Audi A8 (2010-2017) Review
It’s a large luxury car, but the Audi A8 is also fun to drive and discreet - thanks to its understated design
Strengths & weaknesses
- Powerful and efficient diesel engines
- Nimble and stable in corners
- High equipment levels
- Design makes the car anonymous
- Bumpy on rough roads
- Noticeable tyre noise
Whether being wafted from stage door to hotel or battling the morning commute, there are few nicer places to be than an A8. The big Audi’s rivals include the BMW 7 Series, Mercedes S-Class and Jaguar XJ but the Audi is more elegant and effortlessly discreet than any of them, which is how some people like their luxury cars. But its very discretion means that it looks very similar to the far cheaper and smaller Audi A4 Saloon.
The heart of the engine range is a powerful and efficient 3.0-litre V6 diesel. It’s more than up to the job, making the 4.2 diesel above it unnecessary. The petrols – a monstrous 6.3-litre W16, and the 4.0-litre V8s in the S8 and S8 Plus – are for performance junkies.
The A8 is four-wheel drive as standard so grip levels are high. There’s an instant response when you turn the steering wheel, and the A8 remains stable, not leading in corners, even at high speeds. This gives it a sense of agility and makes it fun to drive.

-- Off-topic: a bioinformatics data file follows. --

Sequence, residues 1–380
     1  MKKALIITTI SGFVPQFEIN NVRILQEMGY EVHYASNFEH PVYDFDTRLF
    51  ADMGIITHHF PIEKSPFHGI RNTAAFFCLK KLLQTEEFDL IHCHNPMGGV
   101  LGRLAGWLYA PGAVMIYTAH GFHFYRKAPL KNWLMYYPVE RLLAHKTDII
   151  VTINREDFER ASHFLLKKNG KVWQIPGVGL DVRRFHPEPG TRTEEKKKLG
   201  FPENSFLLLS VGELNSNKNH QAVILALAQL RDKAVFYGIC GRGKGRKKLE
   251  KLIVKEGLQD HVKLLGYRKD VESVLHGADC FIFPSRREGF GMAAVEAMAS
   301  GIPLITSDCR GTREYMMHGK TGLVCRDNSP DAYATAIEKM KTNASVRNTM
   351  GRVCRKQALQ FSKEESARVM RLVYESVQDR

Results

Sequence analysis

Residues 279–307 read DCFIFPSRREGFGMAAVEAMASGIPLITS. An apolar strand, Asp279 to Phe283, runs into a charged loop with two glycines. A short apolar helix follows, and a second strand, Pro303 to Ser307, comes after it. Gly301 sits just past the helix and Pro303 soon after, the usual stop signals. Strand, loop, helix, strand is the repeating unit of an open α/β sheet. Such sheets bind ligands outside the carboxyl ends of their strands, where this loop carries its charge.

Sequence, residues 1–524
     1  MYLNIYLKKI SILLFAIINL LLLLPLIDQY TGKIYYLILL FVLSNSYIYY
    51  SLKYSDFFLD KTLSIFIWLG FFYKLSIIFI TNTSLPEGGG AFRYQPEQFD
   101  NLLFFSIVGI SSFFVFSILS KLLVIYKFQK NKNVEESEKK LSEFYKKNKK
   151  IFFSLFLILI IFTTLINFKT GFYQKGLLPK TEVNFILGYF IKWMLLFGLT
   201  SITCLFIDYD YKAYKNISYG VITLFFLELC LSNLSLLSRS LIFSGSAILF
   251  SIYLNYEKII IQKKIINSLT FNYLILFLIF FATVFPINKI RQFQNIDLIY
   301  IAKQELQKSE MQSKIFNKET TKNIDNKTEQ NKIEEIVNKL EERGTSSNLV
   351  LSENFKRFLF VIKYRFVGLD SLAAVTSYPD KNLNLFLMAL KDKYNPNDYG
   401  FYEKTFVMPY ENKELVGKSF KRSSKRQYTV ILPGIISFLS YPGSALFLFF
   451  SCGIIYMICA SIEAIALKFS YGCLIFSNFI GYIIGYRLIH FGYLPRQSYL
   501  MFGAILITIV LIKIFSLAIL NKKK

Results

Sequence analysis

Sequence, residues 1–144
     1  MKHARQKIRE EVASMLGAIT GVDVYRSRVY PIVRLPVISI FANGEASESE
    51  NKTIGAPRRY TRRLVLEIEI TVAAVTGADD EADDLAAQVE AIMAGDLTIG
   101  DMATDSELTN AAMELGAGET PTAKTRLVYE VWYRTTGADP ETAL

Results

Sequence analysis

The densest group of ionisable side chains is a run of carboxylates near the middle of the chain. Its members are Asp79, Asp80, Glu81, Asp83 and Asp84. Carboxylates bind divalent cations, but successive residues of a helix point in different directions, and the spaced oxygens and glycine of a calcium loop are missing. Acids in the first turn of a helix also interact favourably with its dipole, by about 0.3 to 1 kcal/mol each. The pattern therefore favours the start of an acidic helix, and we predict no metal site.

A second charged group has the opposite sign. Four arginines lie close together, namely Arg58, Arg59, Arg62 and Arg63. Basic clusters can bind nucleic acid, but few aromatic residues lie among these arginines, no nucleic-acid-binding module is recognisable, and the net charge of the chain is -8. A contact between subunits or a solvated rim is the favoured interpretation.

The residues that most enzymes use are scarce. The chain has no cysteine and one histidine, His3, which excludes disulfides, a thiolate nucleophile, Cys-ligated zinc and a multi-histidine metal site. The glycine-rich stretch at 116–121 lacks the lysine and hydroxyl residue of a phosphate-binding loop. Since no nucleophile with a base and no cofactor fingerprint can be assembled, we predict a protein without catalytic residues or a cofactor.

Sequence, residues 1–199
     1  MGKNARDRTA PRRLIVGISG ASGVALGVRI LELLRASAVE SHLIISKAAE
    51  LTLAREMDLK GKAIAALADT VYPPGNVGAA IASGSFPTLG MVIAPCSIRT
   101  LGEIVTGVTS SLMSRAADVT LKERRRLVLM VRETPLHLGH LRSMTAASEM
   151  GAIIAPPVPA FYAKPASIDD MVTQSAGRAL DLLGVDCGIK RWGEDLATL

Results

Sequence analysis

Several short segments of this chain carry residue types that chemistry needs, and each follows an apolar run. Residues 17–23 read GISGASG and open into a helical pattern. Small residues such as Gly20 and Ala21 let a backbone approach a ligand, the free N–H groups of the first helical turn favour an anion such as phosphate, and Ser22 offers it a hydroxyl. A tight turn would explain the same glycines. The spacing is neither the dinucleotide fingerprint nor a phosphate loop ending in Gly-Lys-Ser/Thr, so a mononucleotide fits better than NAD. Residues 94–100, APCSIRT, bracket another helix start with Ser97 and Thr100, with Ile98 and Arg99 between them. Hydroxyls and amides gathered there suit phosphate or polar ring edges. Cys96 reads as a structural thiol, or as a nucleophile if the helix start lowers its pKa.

It also helps maintain control if you suddenly have to swerve, and allows you to thread your way along narrow roads with confidence.
The downside to this is that the ride is on the firm side, a common Audi weakness. Adjustable suspension is standard but it’s impossible to find a setting that’s as smooth as a Mercedes S-Class. There’s an unpleasant level of tyre noise, too.
The A8’s interior is classic Audi: classy and beautifully made. True, the dashboard bristles with dials, gizmos and buttons. However, there’s a slight sense it’s behind the times. The interior of the much newer BMW 7 Series, especially, makes a lot more impact and is very high tech. The A8’s expensive options list restores a lot of lost ground, however.
As you’d expect, cabin space is not in short supply. The rear cabin is very spacious but if you have especially long legs or really like to spread out, there’s always the long-wheelbase version. The boot will take enough luggage for a long weekend but the rear seats don’t fold so forget carrying long, flat-pack furniture.
It’s a luxury car so even the ‘basic’ SE has LED headlights, 18-inch alloy wheels, electrically adjustable front seats with position memory and a sat-nav. It’s well provided for safety-wise but on the options list is a night vision system that can spot pedestrians or animals in the road.